There is a new free speech controversy in the United Kingdom after Joseph Kelly, 36, was convicted of posting a “grossly offensive” tweet about a war veteran. Kelly has been sentenced to 150 hours of community service. The conviction is another blow to free speech in the UK in a case of clear political speech.
Kelly tweeted about Captain Sir Thomas Moore, a British war veteran who became a national icon for raising money for healthcare workers in 2020. Many of us read his heart-warming story in the United States and took inspiration from it.
Kelly passed away in February 2021 and Kelly declared “The only good Brit soldier is a deed one, burn auld fella buuuuurn.” It was a horribly distasteful and offensive tweet. However, it should also be protected speech. That would certainly be the case in the United States. However, many of us view free speech not as a right wholly contained in the First Amendment but a human right.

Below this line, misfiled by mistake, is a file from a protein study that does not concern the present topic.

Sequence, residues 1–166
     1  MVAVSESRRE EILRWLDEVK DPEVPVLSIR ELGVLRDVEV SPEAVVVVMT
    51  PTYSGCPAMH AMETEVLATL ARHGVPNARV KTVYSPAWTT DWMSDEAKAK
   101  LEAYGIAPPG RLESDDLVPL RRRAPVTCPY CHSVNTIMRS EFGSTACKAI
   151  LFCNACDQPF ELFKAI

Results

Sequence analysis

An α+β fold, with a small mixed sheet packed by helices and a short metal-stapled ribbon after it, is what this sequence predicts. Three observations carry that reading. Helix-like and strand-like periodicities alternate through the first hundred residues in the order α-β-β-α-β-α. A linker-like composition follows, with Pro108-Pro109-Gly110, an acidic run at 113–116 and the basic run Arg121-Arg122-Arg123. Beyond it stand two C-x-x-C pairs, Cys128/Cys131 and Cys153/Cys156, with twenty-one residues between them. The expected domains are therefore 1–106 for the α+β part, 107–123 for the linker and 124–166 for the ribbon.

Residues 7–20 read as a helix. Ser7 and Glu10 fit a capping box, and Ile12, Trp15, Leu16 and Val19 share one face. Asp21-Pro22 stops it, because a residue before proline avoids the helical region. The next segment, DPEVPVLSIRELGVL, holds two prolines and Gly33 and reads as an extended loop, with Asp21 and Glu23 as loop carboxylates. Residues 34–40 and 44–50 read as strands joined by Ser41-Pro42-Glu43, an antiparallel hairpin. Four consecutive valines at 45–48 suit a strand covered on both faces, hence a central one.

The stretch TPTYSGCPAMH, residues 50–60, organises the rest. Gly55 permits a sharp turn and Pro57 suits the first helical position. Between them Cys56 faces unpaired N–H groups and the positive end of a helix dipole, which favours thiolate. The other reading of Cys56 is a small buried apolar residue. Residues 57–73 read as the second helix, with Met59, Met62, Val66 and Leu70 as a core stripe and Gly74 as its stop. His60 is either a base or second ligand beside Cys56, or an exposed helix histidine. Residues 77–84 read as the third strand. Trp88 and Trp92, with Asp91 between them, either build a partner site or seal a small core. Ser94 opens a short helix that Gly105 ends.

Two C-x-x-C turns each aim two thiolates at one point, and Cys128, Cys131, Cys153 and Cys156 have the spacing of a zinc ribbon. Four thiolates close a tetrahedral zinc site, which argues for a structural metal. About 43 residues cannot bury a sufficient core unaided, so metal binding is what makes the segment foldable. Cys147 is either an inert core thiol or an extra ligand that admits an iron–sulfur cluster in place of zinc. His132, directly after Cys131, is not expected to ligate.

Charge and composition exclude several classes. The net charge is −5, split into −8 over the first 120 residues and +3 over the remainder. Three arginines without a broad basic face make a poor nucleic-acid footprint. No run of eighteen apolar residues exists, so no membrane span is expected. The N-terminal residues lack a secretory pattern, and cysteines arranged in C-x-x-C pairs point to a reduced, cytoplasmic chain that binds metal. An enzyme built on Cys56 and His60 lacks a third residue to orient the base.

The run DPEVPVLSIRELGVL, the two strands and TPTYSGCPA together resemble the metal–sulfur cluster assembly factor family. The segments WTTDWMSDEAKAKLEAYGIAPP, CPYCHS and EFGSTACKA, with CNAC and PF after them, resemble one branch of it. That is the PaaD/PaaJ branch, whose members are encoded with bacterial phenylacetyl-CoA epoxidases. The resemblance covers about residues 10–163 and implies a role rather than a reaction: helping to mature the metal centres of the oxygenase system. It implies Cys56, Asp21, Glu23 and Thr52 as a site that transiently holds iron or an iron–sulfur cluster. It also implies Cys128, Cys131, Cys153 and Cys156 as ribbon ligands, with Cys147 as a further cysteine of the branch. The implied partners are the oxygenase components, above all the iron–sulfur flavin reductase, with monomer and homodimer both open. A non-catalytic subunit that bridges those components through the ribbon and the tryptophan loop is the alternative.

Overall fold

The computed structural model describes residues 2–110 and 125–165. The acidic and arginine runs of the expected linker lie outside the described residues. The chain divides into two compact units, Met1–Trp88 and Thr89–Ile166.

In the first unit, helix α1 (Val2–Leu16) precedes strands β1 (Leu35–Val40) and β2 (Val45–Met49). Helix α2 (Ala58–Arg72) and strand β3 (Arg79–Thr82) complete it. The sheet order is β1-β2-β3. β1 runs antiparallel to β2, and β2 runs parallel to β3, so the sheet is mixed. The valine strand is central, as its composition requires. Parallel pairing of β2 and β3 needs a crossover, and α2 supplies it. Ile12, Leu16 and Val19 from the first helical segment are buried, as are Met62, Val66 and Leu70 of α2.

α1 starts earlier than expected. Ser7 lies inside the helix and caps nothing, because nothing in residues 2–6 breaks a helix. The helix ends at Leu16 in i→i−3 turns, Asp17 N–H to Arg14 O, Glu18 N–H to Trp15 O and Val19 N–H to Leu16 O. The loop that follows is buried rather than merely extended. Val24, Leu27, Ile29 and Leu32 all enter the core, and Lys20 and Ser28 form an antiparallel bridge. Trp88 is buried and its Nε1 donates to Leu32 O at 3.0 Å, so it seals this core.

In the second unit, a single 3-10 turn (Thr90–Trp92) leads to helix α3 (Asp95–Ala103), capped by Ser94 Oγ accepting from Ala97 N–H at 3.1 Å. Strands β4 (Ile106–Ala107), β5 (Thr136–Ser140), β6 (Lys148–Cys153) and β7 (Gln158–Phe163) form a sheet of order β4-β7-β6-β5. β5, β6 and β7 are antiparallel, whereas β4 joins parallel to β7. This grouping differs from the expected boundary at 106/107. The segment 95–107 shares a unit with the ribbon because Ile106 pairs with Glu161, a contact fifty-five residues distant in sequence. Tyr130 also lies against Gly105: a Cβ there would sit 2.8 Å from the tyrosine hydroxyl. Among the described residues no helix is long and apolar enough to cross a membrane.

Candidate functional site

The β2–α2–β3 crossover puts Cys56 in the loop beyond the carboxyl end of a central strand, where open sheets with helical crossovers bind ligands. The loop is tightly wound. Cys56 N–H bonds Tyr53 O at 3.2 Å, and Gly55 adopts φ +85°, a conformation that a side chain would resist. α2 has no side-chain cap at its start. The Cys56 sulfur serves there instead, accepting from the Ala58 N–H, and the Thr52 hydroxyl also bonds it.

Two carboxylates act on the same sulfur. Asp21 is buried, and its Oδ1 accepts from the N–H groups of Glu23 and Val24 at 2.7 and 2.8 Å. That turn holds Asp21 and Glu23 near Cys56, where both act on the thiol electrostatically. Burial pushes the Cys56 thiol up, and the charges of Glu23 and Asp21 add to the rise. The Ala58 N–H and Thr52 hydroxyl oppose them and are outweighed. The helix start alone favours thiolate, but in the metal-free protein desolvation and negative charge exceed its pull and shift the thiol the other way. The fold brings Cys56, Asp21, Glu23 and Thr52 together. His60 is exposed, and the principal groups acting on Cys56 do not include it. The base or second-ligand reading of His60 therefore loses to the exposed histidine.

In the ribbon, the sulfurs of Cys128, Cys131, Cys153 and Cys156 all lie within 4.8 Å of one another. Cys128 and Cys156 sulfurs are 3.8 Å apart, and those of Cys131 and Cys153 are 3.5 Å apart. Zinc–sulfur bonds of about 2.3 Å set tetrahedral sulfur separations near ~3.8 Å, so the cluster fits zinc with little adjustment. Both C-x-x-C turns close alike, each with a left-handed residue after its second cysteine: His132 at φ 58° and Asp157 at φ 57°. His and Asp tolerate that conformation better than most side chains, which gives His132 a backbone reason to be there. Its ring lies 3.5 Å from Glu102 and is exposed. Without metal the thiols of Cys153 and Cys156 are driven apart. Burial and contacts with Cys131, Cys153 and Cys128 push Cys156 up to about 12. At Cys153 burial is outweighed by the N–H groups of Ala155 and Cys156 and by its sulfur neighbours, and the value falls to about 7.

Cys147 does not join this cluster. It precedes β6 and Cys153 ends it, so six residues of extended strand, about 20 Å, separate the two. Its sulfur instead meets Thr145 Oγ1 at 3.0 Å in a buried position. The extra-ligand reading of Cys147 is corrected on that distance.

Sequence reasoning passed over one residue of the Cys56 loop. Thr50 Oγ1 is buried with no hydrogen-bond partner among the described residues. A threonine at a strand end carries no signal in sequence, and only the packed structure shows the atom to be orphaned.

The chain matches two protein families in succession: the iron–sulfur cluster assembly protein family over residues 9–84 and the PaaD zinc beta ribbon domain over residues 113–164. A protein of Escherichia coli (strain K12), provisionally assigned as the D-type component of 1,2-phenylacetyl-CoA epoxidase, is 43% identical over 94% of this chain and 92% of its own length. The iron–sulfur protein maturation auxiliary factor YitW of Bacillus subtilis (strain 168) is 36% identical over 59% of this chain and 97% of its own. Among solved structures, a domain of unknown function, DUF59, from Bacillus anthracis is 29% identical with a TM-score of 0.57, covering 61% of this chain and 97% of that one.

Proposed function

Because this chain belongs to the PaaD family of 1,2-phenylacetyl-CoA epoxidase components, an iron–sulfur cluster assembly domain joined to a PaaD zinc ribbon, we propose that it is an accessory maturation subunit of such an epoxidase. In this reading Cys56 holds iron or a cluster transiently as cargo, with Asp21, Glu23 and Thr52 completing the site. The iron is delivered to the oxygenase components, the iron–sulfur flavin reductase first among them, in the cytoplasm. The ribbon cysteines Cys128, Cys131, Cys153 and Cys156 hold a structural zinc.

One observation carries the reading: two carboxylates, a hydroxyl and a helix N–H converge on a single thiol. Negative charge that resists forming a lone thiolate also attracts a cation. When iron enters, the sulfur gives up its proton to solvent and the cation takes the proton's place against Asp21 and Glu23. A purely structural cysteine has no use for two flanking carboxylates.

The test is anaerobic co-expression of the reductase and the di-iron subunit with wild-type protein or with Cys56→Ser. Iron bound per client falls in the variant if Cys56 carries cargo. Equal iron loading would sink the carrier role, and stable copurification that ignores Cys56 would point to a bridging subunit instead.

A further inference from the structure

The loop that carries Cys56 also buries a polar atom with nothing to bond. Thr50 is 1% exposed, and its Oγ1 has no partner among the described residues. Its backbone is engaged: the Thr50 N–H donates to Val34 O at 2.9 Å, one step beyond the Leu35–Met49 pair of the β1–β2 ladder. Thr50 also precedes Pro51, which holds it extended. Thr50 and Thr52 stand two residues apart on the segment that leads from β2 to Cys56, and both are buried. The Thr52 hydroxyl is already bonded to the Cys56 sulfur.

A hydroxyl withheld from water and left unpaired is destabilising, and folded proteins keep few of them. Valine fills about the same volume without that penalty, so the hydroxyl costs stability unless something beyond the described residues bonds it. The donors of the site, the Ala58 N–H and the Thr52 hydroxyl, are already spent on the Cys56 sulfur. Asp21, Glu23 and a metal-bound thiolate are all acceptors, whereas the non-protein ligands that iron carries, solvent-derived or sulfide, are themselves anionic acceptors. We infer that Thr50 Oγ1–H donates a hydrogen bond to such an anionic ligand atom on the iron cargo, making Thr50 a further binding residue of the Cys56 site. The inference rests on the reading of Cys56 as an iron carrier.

The decline of free speech in the United Kingdom has long been a concern for free speech advocates (here and here and here and here and here and here and here). Once you start as a government to criminalize speech, you end up on a slippery slope of censorship. What constitutes hate speech or “malicious communications” remains a highly subjective matter and we have seen a steady expansion of prohibited terms and words and gestures. Even having “toxic ideologies” is now a crime.
This is certainly a toxic viewpoint, but it is also a political viewpoint. Notably, Kelly was also drunk at the time and appears to have immediately regretted the tweet. He deleted it after about 20 minutes, according to Scottish newspaper The National.
Even that was not good enough for the prosecutors who pushed for actual jail time. Under the Communications Act of 2003, online posts that are “grossly offensive or of an indecent, obscene or menacing character” can be punished with up to six months behind bars.
Sheriff Adrian Cottam heralded his enforcement of the law against a drunk who removed the tweet 20 minutes later and apologized. He called this case “deterrence” so “other people to realize how quickly things can get out of control.”
Cottam’s enthusiasm for speech controls show how such laws “quickly get out of control.” Censorship creates an insatiable appetite as people demand that those with opposing views be silenced. There is an alternative. It is called free speech. You allow others to denounce Kelly and allow good speech to triumph over bad speech.